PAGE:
The novel coronavirus (COVID-19) is escalating pretty quickly, both nationally and abroad. Between Ongoing Operations and CU 2.0, we’re seeing the challenges that credit unions are facing—and we’re getting ideas about how to fix them.
Now that COVID-19 is officially a global pandemic, businesses and entire industries are taking precautions. Schools are closed, events are canceled, and some cities are even enforcing lockdowns. Credit unions are also feeling the pressure.
But leadership and support in times like these are crucial. Yes, the credit union must stay safe… but it must also continue to serve its members—especially while their usual resources and support network are compromised.
In conjunction with the business continuity planning experts at Ongoing Operations, we’d like to share ten new ideas to help your credit union handle COVID-19.
Coronavirus Ideas for Credit Unions
Enacting just one of these ideas could make a major difference in your credit union. Going after two, three, or even more may significantly limit the spread of COVID-19 and streamline operations for your members throughout the outbreak.
- Put your kids to work. No, no child labor. Think about it more like a babysitting exercise. If schools get canceled, figure out how teenage children of employees can look after younger children of employees. Have the credit union pay for it. It would help all of your employees afford childcare while the kids are home from school.
- Reallocate offices. People who can work from home are more likely to have their own offices. Consider reallocating those offices to call center employees so that they can enjoy better social distancing on the job. (Also, make sure they disinfect surfaces throughout each day.)
- Put call center employees on a swing shift. Half can work two days on-premise per week while the other half works three. Whoever’s not on-premise can work from home. This also promotes social distancing (though it’s less viable if you have an outsourced call center).
- Extend drive-through hours. If you want to close your branch through the outbreak, that makes plenty of sense. It also makes sense to increase your drive-through hours to compensate. If you have your tellers change their shifts to meet the new hours, then problem solved.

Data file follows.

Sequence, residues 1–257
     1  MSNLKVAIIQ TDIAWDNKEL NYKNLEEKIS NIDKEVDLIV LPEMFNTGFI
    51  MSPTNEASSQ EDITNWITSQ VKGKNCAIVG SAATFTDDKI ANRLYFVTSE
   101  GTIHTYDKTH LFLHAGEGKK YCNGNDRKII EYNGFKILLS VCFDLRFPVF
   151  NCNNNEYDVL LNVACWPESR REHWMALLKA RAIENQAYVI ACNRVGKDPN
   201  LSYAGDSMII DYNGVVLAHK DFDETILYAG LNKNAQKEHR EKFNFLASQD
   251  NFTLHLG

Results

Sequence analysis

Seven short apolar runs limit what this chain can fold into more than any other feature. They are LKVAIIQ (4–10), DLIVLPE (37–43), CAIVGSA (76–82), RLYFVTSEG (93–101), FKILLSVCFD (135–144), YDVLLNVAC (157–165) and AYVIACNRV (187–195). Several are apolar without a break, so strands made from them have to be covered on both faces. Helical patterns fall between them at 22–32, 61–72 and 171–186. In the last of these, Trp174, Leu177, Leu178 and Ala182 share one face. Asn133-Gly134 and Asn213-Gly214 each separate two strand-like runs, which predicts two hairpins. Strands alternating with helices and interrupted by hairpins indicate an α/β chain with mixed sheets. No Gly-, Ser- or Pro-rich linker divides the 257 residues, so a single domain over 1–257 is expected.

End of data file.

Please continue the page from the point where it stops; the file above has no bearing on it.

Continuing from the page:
- Social distancing in branches. If you don’t want to close your branches, you can still take part in social distancing. Put line control devices, tables, chairs, or other furniture in front of the teller line. Adding a couple extra feet of distance between your employees and your members can help to slow the spread of COVID-19 at your credit union.
- Stay clean and sanitized. Set a reminder on your calendar to wash your hands every few hours. Also, wipe down your area, common areas, and frequently-touched items with a disinfectant like Lysol.
- Encourage cashless banking. Dollars are already very dirty. And now that there’s a pandemic loose, they’re also vectors for infection. Encourage cashless finance among your members.
- Give your members a break. Many people, especially in the food service industry and in entertainment have already lost large portions of their usual monthly income. Offer to skip a loan pay to them and consider softening your overdraft policy for the duration.
- Give your members a bigger safety net. When was the last time you looked into who qualified for a credit line increase? You could probably get away with increasing credit card limit by $1k for members in good standing. That may extend to others as well. Also, you may want to look into providing small-dollar loans for your most vulnerable members.
(If you’d like to see how to provide $1k, 18–month, 6.25% interest loans to eligible members, simply reach out to us.)
- Promote digital banking channels. In addition to encouraging adoption of digital and online banking, increase your remote deposit capture (RDC) limits in your mobile app. It may get a few more people to adopt your digital services.
Bonus point: Prepay your critical vendors. Everybody is feeling the pinch. And if you value their service, you’ll want to make sure it’s still there while everyone else recovers—and after, too.
Double bonus point: Review your credit union’s business continuity and pandemic plan. There’s a good chance that this incident has exposed some weak points in your current plan. Now’s the time to strengthen them—and to ensure they continue working no matter what happens next with credit unions and COVID-19.
That’s all we’ve got for now. If you have additional ideas, please let us know so that we can get the word out to other credit unions. Stay safe, wash your hands, and don’t touch your face!